• Well the internet *is* great for gathering information but there is the tendency to presume that a problem one sees posted time and time again represents a 100% failure rate---which is hardly the case. Even a 5%--10% failure rate for a certain component is considered a catastrophe for a manufacturer.

    So most Boxster engines will run fine for many years...BUT...there is that risk, yes indeedy. This is why I recommend sawing apart your oil filter at every change.

    At least, if you see any indications of bearing debris, you can do a retro-fit at considerably less cost than an engine rebuild.

    Actually nobody really rebuilds Boxster engines. as that's just MORE risk--most shops install a new short block.
  • rabbitbrabbitb Posts: 1
    I know this post is old... I live in KC area and am thinking about buying a Boxster. Did you ever buy? What has your experience been like?

    Appreciate the feedback in advance.
  • alexxjm1alexxjm1 Posts: 1
    Drained of dollars and time by the local Porsche dealership, I tried to take my Boxster to Jiffy Lube for an oil change. They said, "Only the dealer can change the oil on these." Doubtful, I drove a mile to another nearby Jiffy Lube, where they told me that it would take about 20 minutes for all the oil to drain out, and that they don't carry the filters, so I'd have to go buy one at the Porsche dealer. Instead, I drove to Autozone, and bought a FRAM filter. Anything wrong with any of this?

    Also, my Boxster is low mileage -- 40 K now. I have heard mixed things about timing belt/tensioner maintenance. Any input? Thanks!
  • Claire@EdmundsClaire@Edmunds Chicago areaPosts: 968
    "Here are two things you might want to know about the new 2013 Porsche Boxster S. First, its lateral acceleration, at a nice even 1.0g, is better than the lightweight, wholly uncompromised, utterly focused, bikini-top-wearing 2011 Porsche Boxster Spyder.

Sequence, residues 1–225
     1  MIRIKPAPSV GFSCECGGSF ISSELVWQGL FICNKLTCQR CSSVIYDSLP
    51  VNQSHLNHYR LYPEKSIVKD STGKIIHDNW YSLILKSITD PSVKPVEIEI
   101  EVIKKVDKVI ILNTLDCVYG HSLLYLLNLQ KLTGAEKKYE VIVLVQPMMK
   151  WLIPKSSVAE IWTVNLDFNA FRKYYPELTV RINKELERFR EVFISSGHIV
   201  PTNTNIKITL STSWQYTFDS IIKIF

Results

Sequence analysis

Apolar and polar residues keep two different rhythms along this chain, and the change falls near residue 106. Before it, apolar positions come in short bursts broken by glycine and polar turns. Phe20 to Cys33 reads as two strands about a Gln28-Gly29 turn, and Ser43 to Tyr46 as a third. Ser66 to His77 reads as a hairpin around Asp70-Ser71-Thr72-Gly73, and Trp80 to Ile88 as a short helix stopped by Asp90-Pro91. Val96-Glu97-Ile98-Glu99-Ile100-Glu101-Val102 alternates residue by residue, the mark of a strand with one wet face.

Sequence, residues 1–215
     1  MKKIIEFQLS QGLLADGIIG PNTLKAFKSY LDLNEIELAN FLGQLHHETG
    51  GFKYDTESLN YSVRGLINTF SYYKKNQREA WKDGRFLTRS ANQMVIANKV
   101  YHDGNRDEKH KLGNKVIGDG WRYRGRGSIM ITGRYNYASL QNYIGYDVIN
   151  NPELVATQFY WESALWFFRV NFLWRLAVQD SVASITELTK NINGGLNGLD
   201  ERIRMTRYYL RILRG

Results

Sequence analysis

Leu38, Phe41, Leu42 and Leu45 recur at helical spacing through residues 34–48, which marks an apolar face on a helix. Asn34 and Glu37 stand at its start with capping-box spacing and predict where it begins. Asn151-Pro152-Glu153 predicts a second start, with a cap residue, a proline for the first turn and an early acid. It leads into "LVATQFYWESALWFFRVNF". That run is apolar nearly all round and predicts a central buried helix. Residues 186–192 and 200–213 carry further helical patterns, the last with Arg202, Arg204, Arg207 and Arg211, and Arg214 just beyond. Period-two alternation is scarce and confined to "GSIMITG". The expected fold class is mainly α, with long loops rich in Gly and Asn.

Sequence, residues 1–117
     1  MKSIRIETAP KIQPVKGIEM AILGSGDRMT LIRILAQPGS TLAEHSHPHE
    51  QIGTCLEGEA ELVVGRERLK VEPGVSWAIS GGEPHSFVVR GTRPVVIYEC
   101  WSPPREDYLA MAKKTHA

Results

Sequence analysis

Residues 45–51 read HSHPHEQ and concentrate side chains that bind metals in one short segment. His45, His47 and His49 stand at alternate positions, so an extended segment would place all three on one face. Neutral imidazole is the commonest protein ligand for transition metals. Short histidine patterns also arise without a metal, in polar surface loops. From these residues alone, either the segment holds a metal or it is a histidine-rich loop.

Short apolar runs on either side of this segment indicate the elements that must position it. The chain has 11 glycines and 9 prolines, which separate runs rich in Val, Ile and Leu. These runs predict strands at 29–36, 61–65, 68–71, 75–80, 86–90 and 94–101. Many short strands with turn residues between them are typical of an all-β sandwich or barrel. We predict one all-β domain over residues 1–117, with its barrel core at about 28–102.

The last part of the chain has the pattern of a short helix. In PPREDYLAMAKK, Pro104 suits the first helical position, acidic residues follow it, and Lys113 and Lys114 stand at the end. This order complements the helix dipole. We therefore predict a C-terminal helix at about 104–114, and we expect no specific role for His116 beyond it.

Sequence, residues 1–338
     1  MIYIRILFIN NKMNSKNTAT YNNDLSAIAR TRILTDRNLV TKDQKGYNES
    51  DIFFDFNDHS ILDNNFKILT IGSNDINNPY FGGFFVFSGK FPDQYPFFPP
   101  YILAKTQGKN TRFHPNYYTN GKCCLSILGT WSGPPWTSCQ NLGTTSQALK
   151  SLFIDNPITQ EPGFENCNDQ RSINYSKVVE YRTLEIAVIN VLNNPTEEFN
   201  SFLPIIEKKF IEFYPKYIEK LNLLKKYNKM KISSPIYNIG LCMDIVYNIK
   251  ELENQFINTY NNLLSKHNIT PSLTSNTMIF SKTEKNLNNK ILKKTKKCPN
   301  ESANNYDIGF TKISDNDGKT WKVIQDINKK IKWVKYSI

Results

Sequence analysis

Second, its 72.8-mph slalom speed happens to be better than the last all-new 2012 Porsche 911 Carrera S we tested. Clearly, this car is far from entry-level."

    Read the rest of the road test notes.



  • habitat1habitat1 Posts: 4,282
    edited September 2012 Summit Point Raceway at a Porsche sponsored driving event.

    Unfortunately, all the cars we drove: 4 Panameras, 4 Carrera S's, 2 Boxster S's were all PDK's so I didn't get a chance to drive the manual transmission Boxster S that I would likely order for myself.

    But the experience was, nonetheless, impressive. I don't think I'd put the Boxster S as close to the new (991) 911S as the Edmund's reviewer did, at least with regard to acceleration. But, compared to my former 997 911S Cab, and in my hands, the Boxster S may have been quicker around the track with less white in my knuckles showing. It's a very easy car to drive well, as even my wife came out of the drivers seat with a big grin. (Compared to the dizzy look she had after sitting in the passenger seat with me at the wheel of a 911S).

    This is one tight little car. In 2005, I found the Boxster S back then to be very good, but insufficiently better than my former S2000 to warrant a 2x price. Today, I find the Boxster S to be improved in all performance categories - not to mention much better looking inside and out - to warrant a price that's 20% higher than I was looking at in 2005. I think if you are smart with the options - sport chrono, PASM, Premium w/adaptive sport seats, infotainment - you should be able to keep the MSRP to around $75,000 and negotiate a 5-6% discount for a net price of $71,000 +/-. That's not cheap by any means, but there really isn't anything short of a more expensive 911 or Ferrari that will give you the same driving experience. The SLK, Z4, and other cars at a similar or lower price point are not remotely close in handling precision or driving experience. Lotus, maybe, but they are uncomfortable tin cans that spend too much time in the shop. Perhaps Honda needs to come out with an S3000. But until they do, the Boxster S is in a league of its own IMO.
  • hkyhky Posts: 71
    I am considering buying a Boxster. There isn't much news about the newer model, are they better and more reliable than before (I am expecting more to own this car but certainly don't want a money pit) ? Dealer has a 2012 loaded around the price of a base 2013, should I go for 12' or 13'?